Expert advice on how to stay resilient and calm during a pandemic
How are you feeling? I just bumped into an old friend on the daily constitutional and when she asked how I was, I said, ‘Honestly? I’m worn out.’ She nodded in agreement. While I realise that I am very fortunate to be working from home and not on the frontline, or home schooling as well as running a business; after almost a year of being in and out of lockdown, with all the chaos and uncertainty we’ve experienced in the UK, is it any wonder everyone’s exhausted? In spite of the brilliant vaccine news, I’ve found the last few weeks have been the hardest yet. And I know quite a few people feel the same.
‘People have ups and downs,’ says spiritual teacher and expert in mindfulness and meditation, Meredith Gunderson, ‘One day you’re fine, the next you’re on the floor – and it’s exhausting. It’s the classic thing of worrying about things we have no control over. It’s been a really fucking hard year and people are experiencing a lot of tension.’ And though I haven’t mentioned it here, I’ve definitely been overthinking everything and feeling anxious throughout the pandemic, ‘We have been in a heightened state of vigilance (or hyper vigilance) for months and unfortunately that becomes the new normal,’ continues Meredith, ‘Lots of habits emerge from this, that make us highly reactive – for instance, we read something or watch the news, we tense up within a split second; this tension creates resistance in the body and mind, with resistance we become more tense, and also stuck.’
Months of Pandemic Worry has taken it’s toll. I’m tired and stuck. Fortunately, Meredith has offered her excellent advice on getting through the rest of lockdown and being more resilient. It’s working for me…
Stage 1 – Allowing
If you feel a huge amount of tension, it’s not because you haven’t been meditating enough. Release the blame by practising ‘allowing.’ It’s the antidote to hyper vigilance. Allowing is dropping the resistance, getting unstuck. Even if events are not unfolding as we would have wished, they are what they are. When we approach the moment with less tension we are much better placed to move forward in a more intelligent way. It’s worth noting that some tension and stress in life is natural and normal and we can absolutely handle it – but chronic reactive tension will take a toll on us. Try out the mantra, ‘I’ll allow it,’ and just see how that makes you feel.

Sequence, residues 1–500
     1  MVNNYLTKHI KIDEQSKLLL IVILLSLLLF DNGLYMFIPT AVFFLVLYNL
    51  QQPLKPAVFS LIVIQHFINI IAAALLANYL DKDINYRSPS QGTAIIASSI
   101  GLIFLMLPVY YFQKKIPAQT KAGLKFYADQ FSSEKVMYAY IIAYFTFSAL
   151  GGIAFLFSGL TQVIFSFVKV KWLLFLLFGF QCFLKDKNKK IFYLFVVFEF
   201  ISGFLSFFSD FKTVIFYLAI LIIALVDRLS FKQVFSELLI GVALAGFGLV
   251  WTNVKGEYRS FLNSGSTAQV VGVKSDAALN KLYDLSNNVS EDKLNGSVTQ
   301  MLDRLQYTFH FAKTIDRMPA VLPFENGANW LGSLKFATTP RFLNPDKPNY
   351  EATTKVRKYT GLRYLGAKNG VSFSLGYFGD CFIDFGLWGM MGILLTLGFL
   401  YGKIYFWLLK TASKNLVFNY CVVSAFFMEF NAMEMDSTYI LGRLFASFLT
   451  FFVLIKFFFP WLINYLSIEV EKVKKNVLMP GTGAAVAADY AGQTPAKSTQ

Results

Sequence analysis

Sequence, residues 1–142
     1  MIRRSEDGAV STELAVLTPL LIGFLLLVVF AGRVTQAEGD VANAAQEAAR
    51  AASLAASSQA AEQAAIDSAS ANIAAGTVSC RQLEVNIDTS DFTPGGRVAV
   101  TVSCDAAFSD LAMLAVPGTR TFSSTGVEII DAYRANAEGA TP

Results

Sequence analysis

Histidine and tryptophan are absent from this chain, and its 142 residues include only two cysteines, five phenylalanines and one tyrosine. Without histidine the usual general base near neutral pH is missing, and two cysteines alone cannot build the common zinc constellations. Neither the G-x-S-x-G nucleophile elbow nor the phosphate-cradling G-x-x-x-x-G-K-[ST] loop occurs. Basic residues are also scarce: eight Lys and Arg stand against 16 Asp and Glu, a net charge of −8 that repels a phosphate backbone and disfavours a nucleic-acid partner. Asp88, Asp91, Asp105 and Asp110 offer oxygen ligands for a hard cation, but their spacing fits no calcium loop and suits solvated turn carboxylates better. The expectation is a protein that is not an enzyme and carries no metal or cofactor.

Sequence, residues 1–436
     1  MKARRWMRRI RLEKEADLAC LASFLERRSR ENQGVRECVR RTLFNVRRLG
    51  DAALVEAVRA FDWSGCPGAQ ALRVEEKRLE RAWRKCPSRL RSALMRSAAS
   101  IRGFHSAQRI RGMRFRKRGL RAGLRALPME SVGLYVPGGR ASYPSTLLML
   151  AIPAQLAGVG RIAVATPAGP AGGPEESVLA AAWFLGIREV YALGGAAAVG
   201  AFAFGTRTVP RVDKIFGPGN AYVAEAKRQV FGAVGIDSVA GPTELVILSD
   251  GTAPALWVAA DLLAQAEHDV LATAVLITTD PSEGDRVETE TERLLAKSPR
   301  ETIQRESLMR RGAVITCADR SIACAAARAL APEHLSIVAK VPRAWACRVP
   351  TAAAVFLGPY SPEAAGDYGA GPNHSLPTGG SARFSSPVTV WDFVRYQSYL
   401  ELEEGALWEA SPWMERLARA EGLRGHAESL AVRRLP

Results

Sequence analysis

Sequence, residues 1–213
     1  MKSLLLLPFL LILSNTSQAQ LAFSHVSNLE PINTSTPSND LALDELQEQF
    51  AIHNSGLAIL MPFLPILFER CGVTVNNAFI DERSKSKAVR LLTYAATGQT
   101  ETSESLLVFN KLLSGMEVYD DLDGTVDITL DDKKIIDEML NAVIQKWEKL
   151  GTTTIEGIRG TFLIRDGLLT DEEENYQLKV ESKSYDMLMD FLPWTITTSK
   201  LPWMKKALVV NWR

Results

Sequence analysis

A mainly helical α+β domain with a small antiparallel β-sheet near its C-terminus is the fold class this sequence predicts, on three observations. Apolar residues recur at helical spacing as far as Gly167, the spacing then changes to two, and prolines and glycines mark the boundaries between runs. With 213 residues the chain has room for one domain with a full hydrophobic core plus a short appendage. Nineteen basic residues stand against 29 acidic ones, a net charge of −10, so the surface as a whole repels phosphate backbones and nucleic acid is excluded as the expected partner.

Stage 2 – Curiosity and kindness
Ask yourself what you need at this moment. Imagine how it feels when a loved one just sits with you, attentively, asking how you are doing and simply listening (rather than arguing or dismissing your feelings) – do that for yourself, be the ‘friend’ who is curious and kind.
Stage 3 – Disrupting habits
Repeated behaviours get hard-wired into the brain. Our brain has no way of knowing if the habits are good for us or bad for us, it just knows that it’s a behaviour on repeat. Once this happens enough times it moves from the conscious mind to the unconscious, so you then perpetuate that behaviour without even thinking about it. It becomes automatic. You may notice how reading or watching the news triggers a stressed state, for instance. We just need to hear the opening sequence of the news and the breath becomes shallower, tension may gather in the jaw or shoulders. Once we notice the triggers we can disrupt them. Taking one deep breath will work, or even just checking in with the body – scan to see if you are tensing up, exhale and soften…
Stage 4 – Soften
Any, and all, practices for body and mind must be entered into with gentleness and kindness. We need to bend, not break. Probably the single most useful thing we can do for ourselves is to soften. Soften to ourselves, others, the world, the moment. Softness is hugely powerful and brings with it a capacity for receptivity and even innovation and creativity – which is much more valuable and needed right now than rigid minds and bodies.
Stage 5 – Use your body
Most people are stuck in their heads, right now. We have been processing so much information, Zooming and Face Timing, and not getting out as much as usual. It’s a very ‘neck up’ experience. An integrated body is much more grounded and calm. Wave the Permission Wand and do things because you enjoy them. Dance play lists are a must! Also, yoga, stretching (when we’re feeling stressed it makes us feel smaller and smaller so stretching to the maximum really helps), getting a good night’s sleep (or an afternoon nap) will do wonders. I have a couple meditations that help with body awareness you can try, for free: Mindfulness Meditation and Deep Chill Out.
Meredith is kindly offering That’s Not My Age readers a £10 discount on her Meditation Masterclass, making it £45 (rather than £55). It’s a tried and tested collection of five lessons to get you meditating daily. ‘If you recognise the effect stress has on your daily life and you want to do something about it – this is perfect for you,’ she says.